As many probably know or have read by now, many of the Tawjihi results that were released yesterday were indeed false, due to, what is being reported by the Ministry of Education, as a technical error. The issue was naturally brushed aside as just a normal error that is simply no big deal. It probably couldn’t have come at a better time to highlight what I was talking about last week regarding our educational system. It is interesting to note that despite the fact that it probably was a technical error (which affected 41,000 students in the country) it is yet another strike against the credibility of the tawjihi system, which in the past decade has faced various similar fiascos, including students getting their hands on the exams beforehand, the supposed publication of various unsolvable mathematical questions, and now this, a technical error producing the false results of tens of thousands of students. Can you imagine the faces on all those kids who were driving around all of yesterday honking their horns and hanging outside their car windows waving flags. Now who’s going to tell them that they probably failed? How can the next generation of tawjihi students ever trust their government enough to spend the day honking their horns in celebration ever again? That’s unfortunate.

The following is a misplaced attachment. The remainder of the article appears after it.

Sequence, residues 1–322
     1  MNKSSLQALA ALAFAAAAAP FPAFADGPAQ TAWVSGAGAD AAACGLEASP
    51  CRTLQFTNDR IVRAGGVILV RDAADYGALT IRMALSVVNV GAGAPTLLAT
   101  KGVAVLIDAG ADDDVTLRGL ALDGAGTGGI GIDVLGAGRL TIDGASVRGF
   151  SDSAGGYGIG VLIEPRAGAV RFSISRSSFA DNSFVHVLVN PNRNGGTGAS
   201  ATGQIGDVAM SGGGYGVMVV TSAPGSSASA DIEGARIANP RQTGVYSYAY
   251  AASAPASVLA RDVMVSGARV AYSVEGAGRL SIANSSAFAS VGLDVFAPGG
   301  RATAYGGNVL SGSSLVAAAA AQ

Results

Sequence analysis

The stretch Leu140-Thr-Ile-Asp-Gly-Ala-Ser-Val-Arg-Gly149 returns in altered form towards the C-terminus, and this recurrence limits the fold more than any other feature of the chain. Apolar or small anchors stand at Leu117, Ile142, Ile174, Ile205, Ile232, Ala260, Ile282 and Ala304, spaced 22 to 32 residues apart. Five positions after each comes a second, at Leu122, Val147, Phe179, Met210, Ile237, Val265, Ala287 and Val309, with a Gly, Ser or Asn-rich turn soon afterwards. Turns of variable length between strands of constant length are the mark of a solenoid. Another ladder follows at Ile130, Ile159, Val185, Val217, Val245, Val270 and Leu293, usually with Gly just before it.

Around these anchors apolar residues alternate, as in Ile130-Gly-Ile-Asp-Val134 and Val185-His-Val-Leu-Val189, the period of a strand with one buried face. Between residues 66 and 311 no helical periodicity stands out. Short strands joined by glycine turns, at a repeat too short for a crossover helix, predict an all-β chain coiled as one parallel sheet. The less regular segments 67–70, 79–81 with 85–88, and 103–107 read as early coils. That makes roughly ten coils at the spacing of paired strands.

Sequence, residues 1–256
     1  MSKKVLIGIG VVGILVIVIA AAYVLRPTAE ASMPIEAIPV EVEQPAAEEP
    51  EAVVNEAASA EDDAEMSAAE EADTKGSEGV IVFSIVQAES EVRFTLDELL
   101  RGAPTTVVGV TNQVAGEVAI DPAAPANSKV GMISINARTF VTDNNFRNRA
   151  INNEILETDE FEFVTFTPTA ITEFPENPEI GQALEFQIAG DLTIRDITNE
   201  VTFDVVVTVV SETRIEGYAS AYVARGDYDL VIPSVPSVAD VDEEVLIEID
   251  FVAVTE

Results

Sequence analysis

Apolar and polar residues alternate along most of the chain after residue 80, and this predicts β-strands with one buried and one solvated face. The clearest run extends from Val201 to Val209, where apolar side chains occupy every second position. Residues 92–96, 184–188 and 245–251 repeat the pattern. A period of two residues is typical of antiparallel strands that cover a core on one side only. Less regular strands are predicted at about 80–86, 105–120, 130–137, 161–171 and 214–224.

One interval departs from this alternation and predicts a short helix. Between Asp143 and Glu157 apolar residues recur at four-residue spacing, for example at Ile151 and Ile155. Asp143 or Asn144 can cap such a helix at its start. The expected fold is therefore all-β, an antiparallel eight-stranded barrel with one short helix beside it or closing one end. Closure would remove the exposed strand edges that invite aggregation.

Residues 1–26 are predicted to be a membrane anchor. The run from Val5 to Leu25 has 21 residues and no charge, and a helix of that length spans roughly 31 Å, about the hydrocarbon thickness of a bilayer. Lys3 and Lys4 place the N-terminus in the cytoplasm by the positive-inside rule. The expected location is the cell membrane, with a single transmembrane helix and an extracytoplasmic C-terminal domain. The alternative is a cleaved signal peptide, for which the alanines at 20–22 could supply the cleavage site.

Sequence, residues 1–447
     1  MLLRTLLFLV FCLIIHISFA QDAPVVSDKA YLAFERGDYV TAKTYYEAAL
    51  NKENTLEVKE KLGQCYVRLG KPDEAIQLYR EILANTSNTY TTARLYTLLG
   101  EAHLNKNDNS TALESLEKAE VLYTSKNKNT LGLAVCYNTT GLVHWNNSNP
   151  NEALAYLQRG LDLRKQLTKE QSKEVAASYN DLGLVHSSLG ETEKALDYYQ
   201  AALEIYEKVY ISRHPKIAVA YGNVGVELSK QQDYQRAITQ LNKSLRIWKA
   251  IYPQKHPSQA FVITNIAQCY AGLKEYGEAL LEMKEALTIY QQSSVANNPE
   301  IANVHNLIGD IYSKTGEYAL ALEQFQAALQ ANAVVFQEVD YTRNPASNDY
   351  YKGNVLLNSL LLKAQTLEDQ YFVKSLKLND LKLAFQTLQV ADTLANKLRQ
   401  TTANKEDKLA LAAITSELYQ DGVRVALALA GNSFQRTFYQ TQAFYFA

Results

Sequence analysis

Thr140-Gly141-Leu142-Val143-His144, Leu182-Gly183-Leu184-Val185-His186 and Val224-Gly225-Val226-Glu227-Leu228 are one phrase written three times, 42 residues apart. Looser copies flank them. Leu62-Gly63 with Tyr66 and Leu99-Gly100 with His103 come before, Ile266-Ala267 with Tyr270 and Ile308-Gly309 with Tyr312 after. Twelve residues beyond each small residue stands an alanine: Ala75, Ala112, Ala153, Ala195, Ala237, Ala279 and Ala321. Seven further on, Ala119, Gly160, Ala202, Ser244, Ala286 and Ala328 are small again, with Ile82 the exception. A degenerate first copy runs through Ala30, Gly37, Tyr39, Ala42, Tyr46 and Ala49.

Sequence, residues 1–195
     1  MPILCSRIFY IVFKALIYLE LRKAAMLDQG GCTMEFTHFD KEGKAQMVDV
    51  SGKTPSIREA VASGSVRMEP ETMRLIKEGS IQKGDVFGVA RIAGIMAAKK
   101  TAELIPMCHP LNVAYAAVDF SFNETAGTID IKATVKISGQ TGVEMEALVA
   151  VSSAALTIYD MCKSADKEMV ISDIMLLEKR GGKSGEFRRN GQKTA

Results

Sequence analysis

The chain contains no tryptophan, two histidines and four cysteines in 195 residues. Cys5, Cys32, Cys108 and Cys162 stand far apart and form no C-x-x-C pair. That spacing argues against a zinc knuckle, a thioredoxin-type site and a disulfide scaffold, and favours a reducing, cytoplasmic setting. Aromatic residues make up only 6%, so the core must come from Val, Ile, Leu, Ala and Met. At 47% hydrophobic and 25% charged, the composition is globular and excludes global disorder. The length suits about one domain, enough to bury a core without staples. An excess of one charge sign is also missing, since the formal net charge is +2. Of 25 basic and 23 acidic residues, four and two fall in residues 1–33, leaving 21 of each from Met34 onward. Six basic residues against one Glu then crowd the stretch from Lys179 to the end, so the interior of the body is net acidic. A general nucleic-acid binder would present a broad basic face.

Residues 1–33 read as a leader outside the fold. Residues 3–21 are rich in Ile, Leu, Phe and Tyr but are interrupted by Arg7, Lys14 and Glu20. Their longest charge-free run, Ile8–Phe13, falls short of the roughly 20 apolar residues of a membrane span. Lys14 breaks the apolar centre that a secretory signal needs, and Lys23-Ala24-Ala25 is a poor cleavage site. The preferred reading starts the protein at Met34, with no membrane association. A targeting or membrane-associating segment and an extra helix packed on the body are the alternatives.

But on a serious note…
Naturally, there have been calls for the resignation of the minister, which anyone with half a mind would tell you isn’t the solution to the greater problem. Heck, it’s not even much of a solution to this particular problem. The prime minister has requested an investigation, which is code for some low-level employee who burned the CDs with the grades and distributed them to the publishing websites being fired shortly.
And we won’t have to hear about anything related to tawjihi for a couple of more months.
UPDATE: Feb 8th. It seems tawjihi students have launched a protest this morning outside the Petra News Agency demanding a retake of the exams and citing their lack of trust in the results. Lack of trust and an erosion of credibility is a predictable result of this fiasco. Moreover, the government seems to be standing by the Minister of Education, claiming that a resignation is not on the table.